An Open Letter to Drivers Who Double-Park in Bike Lanes: Why?
When it comes to spending my time on a bike in Philly, the street with a bike lane that I spend the most time on is Spring Garden Street. And yes, having a bike lane that can take me from the Delaware River basically all the way to the Schuylkill River Trail is awesome with a capital A. But the awesomeness of my rides along Spring Garden Street are never — never — not interrupted by at least one car (that’s on a good day; it’s usually more like four or five) double-parked in the bike lane. And every single time this happens, I ask the same question: WHY?
Why, dear driver, did you feel the need to double-park in the bike lane when there is a perfectly large, easy-to-pull-into — and, maybe most importantly, legal — parking spot just three cars down from where you are stopped? WHY? Why, dear driver, do you think it’s okay to park your vehicle in a lane that is specifically designed for an entirely different mode of transportation?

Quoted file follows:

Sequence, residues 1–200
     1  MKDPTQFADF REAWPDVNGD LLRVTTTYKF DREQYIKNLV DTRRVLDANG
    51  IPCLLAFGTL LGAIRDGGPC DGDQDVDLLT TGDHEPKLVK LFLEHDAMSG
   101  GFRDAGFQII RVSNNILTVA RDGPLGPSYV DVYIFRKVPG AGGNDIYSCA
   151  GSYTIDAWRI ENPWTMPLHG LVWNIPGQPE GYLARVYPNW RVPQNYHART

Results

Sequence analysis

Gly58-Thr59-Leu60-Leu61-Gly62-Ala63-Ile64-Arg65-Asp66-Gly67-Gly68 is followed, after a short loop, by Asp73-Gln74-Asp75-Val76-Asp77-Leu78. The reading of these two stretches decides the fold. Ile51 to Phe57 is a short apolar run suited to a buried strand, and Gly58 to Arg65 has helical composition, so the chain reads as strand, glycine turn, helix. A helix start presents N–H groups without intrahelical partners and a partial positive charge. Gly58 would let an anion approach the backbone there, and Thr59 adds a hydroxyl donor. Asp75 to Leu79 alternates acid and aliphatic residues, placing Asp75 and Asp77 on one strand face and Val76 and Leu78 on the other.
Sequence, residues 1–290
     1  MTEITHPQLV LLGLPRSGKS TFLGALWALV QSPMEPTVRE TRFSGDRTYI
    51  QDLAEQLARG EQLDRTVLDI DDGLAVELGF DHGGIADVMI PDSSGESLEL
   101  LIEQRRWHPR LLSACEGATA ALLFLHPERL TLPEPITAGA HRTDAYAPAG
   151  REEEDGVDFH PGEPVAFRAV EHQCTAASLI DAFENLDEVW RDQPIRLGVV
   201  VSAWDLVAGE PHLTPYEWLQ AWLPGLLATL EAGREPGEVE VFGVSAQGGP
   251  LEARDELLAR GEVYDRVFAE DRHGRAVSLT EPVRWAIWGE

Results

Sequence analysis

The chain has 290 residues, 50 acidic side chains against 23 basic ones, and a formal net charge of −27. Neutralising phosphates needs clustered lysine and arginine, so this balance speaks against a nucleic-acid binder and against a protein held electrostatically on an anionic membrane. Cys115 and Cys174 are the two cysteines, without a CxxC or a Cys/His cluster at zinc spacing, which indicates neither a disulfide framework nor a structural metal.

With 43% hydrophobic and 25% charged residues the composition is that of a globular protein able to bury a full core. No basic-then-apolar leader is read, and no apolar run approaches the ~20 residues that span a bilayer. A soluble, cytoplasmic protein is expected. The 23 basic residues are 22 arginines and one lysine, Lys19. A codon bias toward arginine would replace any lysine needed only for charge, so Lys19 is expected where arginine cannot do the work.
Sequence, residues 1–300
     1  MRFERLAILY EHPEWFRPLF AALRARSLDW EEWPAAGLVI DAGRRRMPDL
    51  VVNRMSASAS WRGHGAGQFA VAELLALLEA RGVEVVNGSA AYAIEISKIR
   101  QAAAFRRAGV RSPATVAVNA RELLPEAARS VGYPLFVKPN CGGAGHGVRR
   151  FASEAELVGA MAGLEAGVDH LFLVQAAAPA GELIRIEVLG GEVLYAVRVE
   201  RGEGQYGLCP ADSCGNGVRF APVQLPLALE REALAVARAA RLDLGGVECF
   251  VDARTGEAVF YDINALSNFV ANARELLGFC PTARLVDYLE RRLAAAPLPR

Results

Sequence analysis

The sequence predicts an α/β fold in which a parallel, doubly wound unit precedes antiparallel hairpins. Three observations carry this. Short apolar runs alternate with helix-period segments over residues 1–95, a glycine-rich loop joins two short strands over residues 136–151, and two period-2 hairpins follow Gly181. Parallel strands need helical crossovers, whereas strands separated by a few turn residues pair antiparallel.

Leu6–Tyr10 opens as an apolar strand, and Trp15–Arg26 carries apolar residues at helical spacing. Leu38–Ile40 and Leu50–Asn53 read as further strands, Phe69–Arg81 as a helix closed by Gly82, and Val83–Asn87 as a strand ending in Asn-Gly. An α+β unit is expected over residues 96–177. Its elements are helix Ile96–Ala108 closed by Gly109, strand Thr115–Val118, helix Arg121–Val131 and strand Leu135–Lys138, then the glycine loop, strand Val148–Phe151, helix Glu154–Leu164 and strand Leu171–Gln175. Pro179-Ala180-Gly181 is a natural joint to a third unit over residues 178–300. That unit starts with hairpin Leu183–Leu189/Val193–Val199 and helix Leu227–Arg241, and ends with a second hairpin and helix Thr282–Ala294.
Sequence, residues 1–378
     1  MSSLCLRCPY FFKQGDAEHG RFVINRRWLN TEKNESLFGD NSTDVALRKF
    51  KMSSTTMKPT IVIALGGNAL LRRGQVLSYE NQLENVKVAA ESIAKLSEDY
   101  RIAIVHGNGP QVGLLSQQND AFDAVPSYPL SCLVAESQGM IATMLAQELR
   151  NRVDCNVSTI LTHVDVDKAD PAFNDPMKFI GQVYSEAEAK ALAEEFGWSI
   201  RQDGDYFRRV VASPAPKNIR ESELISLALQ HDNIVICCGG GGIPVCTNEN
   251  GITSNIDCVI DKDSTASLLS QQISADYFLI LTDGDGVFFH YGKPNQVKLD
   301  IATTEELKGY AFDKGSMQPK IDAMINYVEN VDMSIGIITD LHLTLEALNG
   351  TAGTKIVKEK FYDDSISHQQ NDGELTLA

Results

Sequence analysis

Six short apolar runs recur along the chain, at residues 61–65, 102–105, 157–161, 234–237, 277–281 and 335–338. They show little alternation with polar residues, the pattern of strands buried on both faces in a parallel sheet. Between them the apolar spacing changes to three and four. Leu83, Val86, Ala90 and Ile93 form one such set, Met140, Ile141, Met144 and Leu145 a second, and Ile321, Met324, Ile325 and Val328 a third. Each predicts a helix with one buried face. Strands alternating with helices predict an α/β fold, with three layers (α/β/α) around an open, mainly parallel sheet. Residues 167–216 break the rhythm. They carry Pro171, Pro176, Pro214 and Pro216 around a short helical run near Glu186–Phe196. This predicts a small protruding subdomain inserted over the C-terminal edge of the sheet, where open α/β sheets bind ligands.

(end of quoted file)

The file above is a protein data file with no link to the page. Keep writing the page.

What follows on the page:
What would you think, driver, if I were to decide, as I was biking along the stretch of Spring Garden in between 17th and 18th Streets, to pedal into the drivers’ lane and park my bike smack-dab in the middle of it, forcing cars to stop dead in their tracks or swerve into the other lane to go around me? Wait, don’t answer that: I already know what you’d think. At best, you’d think I am an incredibly rude, inconsiderate person. And at worst, you’d think I am a crazy person looking to cause an accident. Right? Right.
Technically, according to the Bicycle Coalition of Greater Philadelphia, cars are allowed to unload people and goods in the bike lane if the bike lane is adjacent to the curb, like on Spruce Street or Pine Street. Not that this is not annoying to cyclists. It is. But you can stop your car there for hot second. But when it comes to bike lanes that are adjacent to cars, blocking the lane is just plain ol’ illegal.
Cyclists in Toronto started a movement of slapping scolding stickers onto cars that parked in bike lanes. In lieu of a sticker maker, I just say maybe ask yourself before the next time you double-park in a bike lane: Why am I double-parking here? And if the answer is simply, “Because it’s easy — duh,” maybe don’t?
A Fellow Driver Who Also Rides a Bike
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